Ugandan lawmakers are determined to bring back the country's anti-gay law, after it was overturned by a constitutional court.

MPs belonging to the governing National Resistance Movement (NRP) party and opposition have been scrambling to find a way to pass the bill again in the parliament.

"We have other issues to discuss, but the anti-homosexuality law may also come up. But the road to success is always under construction. We shall not get tired of defending the future of our children," said NRP's deputy chief whip David Bahati.

The anti-homosexuality legislation was struck down by the constitutional court recently, after the judiciary found procedural flaws in its enactment.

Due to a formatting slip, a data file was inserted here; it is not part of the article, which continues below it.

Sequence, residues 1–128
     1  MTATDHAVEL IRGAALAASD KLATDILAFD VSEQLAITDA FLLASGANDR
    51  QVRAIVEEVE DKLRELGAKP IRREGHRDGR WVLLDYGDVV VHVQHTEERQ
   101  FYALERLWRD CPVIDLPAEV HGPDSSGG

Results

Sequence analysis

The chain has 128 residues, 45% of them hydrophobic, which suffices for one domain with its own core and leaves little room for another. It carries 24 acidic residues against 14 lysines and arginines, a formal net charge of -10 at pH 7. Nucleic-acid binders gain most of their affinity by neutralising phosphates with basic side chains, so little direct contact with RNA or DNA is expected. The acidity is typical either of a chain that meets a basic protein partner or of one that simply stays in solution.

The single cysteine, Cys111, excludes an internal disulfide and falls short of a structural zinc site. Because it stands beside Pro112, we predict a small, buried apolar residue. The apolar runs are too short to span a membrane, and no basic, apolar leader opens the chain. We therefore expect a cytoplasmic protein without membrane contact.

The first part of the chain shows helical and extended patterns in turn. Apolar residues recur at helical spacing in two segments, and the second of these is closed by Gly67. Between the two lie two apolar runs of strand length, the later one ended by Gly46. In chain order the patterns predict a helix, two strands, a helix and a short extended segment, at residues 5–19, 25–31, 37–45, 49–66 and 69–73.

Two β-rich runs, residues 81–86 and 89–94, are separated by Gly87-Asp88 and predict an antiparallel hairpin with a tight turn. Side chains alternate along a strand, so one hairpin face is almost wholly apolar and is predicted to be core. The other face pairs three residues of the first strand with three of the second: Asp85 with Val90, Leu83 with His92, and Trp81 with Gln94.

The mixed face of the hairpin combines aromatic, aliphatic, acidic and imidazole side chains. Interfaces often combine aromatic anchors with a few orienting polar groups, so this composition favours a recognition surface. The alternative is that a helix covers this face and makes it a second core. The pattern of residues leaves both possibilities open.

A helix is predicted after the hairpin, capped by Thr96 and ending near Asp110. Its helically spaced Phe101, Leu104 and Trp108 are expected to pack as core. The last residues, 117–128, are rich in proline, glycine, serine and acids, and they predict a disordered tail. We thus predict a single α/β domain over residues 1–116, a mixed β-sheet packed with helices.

Meanwhile, Ugandan president Yoweri Museveni reportedly has had a change of heart of heart, by excluding individuals who indulge in homosexual encounters in private from the bill.

"I have no problem with two adults consenting to doing their things privately, but I have a problem with those who are luring our young people. We over-showed off after the enactment of the law which landed us into problems, because many other countries passed similar laws quietly and got away with it," a source quoted the president as saying, reported the Observer.

He also cautioned the MPs to re-enact the legislation carefully, so as to avoid any repercussions.

When the legislation came into force in February this year, it invited condemnation from across the globe, especially from the West. Some countries went to the extent of withholding aid to Uganda over the law, dubbing it as draconian legislation.